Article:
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The Spring 2011 issue of The Earth Scientist is focused on modernizing seismology education. Thanks to IRIS, you can download this issue for free as a pdf. Print copies are available in our online store.
The temperature at the surface of the Sun (top) is about 6,000 kelvins. The Sun's atmosphere is much hotter. The bottom image shows ultraviolet "light" coming from the Sun's atmosphere. The temperature in that part of the Sun's atmosphere is around 70,000 kelvins.
Click on image for full size
Images courtesy of SOHO (ESA & NASA).

Kelvin Temperature Scale Used in Astronomy

The Kelvin scale is a temperature scale that is used a lot in astronomy. You probably know about the Celsius (or Centigrade) scale, which is part of the metric system of measures. If you live in the USA, you also know about the Fahrenheit scale, which is used in the English system of measures.

Why do astronomers need another temperature scale? On Earth, the temperatures we feel most often are pretty much where water is liquid. A temperature scale that has "reasonable" numbers for "normal" temperatures makes sense for day-to-day use on Earth. For example, Earth's average temperature is around 15° C (49° F). Fifteen and 49 are pretty easy numbers to deal with. It wouldn't be so good if our temperature scale used really big numbers (like 6,437°) or really small numbers (like 0.052°) or negative numbers (like -147°) for normal temperatures. The Celsius and Fahrenheit scales are set up to have "reasonable" numbers for common temperatures on Earth.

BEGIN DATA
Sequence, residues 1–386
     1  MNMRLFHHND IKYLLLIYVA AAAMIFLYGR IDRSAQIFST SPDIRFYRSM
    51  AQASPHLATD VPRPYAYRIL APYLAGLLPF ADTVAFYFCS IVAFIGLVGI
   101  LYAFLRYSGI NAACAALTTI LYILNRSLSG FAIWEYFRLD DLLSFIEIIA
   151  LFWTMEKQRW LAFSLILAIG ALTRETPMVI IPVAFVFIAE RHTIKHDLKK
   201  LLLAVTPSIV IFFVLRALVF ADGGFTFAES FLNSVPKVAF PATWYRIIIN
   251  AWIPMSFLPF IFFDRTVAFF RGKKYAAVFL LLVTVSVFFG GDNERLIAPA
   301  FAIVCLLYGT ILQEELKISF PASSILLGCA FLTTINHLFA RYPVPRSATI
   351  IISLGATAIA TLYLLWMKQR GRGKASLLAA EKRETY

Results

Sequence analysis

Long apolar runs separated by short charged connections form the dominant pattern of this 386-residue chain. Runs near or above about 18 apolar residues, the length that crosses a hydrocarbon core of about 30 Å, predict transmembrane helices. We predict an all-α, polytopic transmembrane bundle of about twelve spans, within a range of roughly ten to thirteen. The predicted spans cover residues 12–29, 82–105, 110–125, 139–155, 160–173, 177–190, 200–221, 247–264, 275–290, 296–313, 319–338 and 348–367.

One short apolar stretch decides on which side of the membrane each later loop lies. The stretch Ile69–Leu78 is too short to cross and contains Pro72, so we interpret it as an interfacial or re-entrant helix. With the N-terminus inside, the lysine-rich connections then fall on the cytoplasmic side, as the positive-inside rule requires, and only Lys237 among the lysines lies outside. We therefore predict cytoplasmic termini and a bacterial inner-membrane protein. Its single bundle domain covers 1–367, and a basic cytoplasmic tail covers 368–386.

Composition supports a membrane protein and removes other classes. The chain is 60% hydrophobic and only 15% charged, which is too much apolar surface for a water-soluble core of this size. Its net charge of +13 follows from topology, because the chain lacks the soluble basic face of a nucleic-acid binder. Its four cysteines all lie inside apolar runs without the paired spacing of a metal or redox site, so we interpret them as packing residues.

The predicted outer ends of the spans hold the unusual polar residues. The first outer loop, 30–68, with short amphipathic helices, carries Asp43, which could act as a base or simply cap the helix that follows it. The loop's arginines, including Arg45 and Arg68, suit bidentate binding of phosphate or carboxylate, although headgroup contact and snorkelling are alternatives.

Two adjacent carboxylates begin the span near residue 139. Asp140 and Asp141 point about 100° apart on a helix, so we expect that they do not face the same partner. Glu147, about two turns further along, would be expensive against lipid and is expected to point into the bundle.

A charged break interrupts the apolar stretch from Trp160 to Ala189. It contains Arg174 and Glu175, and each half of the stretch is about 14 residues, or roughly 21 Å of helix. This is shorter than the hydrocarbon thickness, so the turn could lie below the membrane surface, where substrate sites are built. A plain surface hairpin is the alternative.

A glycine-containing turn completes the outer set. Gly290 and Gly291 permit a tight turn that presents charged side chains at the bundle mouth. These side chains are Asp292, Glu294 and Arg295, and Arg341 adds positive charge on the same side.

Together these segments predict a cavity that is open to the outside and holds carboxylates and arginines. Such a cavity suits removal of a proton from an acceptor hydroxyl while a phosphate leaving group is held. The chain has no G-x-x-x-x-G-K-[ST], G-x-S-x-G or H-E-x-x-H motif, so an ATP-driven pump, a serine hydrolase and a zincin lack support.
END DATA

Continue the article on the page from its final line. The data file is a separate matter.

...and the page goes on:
Temperatures in space are often much colder or much hotter than we are used to on Earth. Comets and icy moons have temperatures close to absolute zero. Stars can have temperatures of thousands of degrees or higher. The Kelvin temperature scale is good to use for really hot and cold places in space. There aren't any negative numbers in the Kelvin scale. That makes it good to use for really cold temperatures. The temperature on Saturn's icy moon Triton is around 38 kelvins (that's -235° C or -391° F).

One degree in the Kelvin scale is "bigger" than a degree on the Fahrenheit scale. That means we can use smaller numbers for really hot things if we use the Kelvin scale. The core of the Sun has a temperature around 15 million kelvins, which is the same as 27 million degrees Fahrenheit. The Kelvin scale is good to use for both really cold and really hot things and places. That's why astronomers and space scientists use it a lot. Other kinds of scientists sometimes use the Kelvin scale too.

Last modified May 6, 2010 by Randy Russell.

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